2 Maps That Show The US’ Strategy In Asia-Pacific
- Meredith Friedman
- Guest Content
- February 14, 2017
BY GEORGE FRIEDMAN AND JACOB L. SHAPIRO
Secretary of Defense James Mattis recently wrapped up his first international trip whose purpose was to “listen to the concerns of South Korean and Japanese leaders.”
The two countries are crucial US allies in Asia, and both face serious threats in their near abroad.
Discussing security threats, though, wasn’t the main goal of Mattis’s trip. He was there to assure both countries that the Trump administration will not abandon the US alliance structure in the Pacific.
In light of Mattis’s visit, let’s take a look at current US military and investment positions in the Asia-Pacific region.
US Military Commitments in Asia-Pacific
The map above shows that the US is using containment as its main strategy with China.
US military assets stationed in Asia-Pacific countries have two purposes. First, they ensure US naval power projection in the Pacific Ocean. Second, they help keep Chinese ambitions in check.
Besides Guam (which is US territory), the US has no sovereign soil in the Western Pacific Ocean. That means the US must have good relationships with strategically located countries in the Pacific where it can base ships and soldiers.
Japan, South Korea, and Australia are the most important US allies in the region. The US also maintains varying degrees of cooperation with countries like the Philippines, Thailand, and Singapore.
The Philippines is a key part of US strategy, but it is also being courted by China.
At present, China is the second-largest economy in the world. It is pouring money into its military. It is also trying to attract cooperation from other countries… like the Philippines.
The Mutual Defense Treaty between the US and the Philippines remains in place, but the two sides only recently agreed on which Philippine bases the US can use. The US still hasn’t been allowed to return to the much-coveted naval base at Subic Bay. And the Philippine president is full of anti-US rhetoric.
As we’ve written before, the US wants naval control of the oceans. It has a strong navy, but a navy by itself isn’t enough. Containing China is a major part of its Pacific strategy. Even if China could be contained by means other than the US, the US would still want Pacific partners to help project its naval power.
Beneath all the noise is the simple fact that the US maintains an impressive military presence in the Pacific. Mattis will remind US allies how important they are to US interests.
He will also convey that US intent can be measured in commitments, not headlines.
US FDI in Asia-Pacific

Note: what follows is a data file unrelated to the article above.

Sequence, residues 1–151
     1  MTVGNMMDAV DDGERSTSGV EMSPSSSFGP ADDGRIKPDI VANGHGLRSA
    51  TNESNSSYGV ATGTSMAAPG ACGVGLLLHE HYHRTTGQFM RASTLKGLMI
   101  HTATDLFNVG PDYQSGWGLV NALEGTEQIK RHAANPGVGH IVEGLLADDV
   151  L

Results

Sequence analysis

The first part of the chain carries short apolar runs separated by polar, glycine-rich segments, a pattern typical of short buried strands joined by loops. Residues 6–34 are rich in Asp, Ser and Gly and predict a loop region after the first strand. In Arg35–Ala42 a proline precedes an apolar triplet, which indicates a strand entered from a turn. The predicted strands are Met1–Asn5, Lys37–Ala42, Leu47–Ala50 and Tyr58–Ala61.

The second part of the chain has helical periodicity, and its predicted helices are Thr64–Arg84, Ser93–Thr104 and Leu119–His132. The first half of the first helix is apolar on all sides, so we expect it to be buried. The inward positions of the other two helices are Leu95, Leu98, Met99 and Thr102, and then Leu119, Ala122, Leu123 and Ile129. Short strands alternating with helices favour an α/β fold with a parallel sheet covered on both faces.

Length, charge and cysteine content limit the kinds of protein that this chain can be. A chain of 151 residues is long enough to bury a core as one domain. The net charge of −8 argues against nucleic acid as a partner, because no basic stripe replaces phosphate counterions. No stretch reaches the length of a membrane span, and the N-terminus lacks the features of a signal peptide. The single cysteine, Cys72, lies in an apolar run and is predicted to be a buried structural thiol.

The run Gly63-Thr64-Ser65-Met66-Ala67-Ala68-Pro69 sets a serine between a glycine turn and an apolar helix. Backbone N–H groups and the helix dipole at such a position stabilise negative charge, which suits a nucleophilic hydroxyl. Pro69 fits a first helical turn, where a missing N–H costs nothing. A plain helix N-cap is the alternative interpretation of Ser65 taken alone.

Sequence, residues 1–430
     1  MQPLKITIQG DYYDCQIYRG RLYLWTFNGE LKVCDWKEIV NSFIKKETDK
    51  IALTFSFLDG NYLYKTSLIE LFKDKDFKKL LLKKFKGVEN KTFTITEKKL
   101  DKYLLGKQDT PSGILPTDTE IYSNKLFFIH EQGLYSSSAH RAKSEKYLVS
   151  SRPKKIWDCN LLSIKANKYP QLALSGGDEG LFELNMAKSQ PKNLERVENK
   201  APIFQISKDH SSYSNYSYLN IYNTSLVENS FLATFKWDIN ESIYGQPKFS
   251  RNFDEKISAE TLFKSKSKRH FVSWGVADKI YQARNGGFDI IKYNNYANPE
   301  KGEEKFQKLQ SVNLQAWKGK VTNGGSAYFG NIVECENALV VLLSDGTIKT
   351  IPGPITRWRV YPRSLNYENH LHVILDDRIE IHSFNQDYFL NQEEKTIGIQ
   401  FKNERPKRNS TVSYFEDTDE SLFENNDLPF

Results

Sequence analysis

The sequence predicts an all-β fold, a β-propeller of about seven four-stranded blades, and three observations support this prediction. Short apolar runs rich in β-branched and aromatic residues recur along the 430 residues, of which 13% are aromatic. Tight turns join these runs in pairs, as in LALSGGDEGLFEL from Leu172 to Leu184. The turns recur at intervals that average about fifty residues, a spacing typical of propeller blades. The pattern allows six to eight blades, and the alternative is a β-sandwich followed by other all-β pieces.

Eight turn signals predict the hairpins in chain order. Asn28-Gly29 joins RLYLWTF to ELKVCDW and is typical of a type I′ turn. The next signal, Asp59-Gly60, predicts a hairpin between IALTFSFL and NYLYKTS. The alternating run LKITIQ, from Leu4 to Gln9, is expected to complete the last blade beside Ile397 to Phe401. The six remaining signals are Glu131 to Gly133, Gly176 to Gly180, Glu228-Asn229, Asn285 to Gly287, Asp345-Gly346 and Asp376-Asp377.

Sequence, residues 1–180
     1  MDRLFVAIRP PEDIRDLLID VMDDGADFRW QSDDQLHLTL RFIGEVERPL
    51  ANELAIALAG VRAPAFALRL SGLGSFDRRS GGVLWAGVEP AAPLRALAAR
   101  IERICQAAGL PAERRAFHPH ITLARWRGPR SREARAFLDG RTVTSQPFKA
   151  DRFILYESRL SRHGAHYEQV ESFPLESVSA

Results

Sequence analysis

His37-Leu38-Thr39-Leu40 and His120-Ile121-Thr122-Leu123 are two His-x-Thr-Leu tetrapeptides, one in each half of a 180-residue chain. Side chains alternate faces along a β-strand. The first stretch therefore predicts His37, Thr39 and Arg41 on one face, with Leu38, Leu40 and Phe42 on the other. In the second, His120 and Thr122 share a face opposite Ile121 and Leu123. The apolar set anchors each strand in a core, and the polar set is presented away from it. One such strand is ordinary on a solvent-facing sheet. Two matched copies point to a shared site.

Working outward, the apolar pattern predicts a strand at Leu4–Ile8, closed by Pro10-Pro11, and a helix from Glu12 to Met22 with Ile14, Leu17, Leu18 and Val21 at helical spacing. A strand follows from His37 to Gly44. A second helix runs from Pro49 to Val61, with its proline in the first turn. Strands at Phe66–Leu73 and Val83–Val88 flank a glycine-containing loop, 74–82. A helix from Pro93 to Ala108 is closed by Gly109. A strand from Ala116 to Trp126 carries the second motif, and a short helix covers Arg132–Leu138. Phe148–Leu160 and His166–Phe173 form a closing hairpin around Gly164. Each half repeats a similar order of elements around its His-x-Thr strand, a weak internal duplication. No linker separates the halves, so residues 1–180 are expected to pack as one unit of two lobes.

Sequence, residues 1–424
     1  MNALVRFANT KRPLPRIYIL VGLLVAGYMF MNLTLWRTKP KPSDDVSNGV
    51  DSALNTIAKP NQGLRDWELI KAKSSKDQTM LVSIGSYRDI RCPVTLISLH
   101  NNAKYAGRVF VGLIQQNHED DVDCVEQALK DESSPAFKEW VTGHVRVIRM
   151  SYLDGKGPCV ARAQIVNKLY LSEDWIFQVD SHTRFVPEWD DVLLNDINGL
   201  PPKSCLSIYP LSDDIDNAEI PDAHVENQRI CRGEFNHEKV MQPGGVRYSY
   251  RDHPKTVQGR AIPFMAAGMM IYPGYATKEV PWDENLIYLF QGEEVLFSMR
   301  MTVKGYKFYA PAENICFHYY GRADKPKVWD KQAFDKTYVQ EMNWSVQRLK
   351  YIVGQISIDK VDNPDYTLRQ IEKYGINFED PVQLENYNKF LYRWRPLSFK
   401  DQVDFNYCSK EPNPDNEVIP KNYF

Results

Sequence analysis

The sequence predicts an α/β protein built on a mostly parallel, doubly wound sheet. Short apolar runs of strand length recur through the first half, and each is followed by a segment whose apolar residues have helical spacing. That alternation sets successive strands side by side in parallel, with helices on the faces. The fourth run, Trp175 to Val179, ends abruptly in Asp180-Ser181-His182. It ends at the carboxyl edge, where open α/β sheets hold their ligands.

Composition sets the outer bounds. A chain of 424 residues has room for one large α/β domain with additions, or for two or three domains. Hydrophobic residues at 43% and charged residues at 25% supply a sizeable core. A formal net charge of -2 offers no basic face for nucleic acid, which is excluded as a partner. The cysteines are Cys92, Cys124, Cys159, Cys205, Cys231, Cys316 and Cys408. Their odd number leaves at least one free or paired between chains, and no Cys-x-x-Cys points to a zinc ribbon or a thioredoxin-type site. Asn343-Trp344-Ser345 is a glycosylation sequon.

In addition to its military strategy, the US is using an economic strategy. It wants countries to see the economic benefits of cooperating with the US. As the largest economy in the world, the US used its economic power very effectively in the past.
The first thing to note from the map above is that the largest destination for US foreign direct investment (FDI) in the Asia-Pacific region is China. China’s economy is in the midst of a huge transition. The US-Chinese economic relationship is important to both sides, but even more so for China.
The US is China’s largest export market. This happened in part because US companies could profit by moving production to China. Now, Beijing needs to move up the value chain by attracting foreign investment and technology. The US is a major source for this. If China seriously challenges the US, it risks the loss of these economic benefits.
The next five largest beneficiaries of US FDI in the region are crucial American allies and partners. Japan, South Korea, and Australia are at the top of the list. Singapore (located on the strategically important Strait of Malacca) is next.
The map above is a contrast to the first, which shows military strategy. This map of US FDI distribution shows a strategy not of containment but of widespread US economic influence across Asia-Pacific.
It should also be noted that some US FDI is directed to small countries, such as the Marshall Islands. The amount of FDI is lower because these are smaller economies, but the investments are arguably more important for the economic development of those countries.
Being a US ally or partner means access to US investment. The price of being a US ally can be high, but it also comes with key benefits.
These two maps are snapshots of US power… and US needs. The US imperative is to maintain its dominance of the world’s oceans. Ships need ports. Planes need bases.
For these basic needs, the US must have good relations with strategically located countries in the Pacific. In turn, these countries rely on the US for protection and for preservation of the status quo.
The Trump administration wants more from its allies… not less. Mattis’s job will be to convey that US security guarantees are reliable. He will also remind these countries that their relationships with the US exist because of shared interests.
The US asking more of these countries does not mean US presence will decrease. It means admitting US presence will not solve all their problems.
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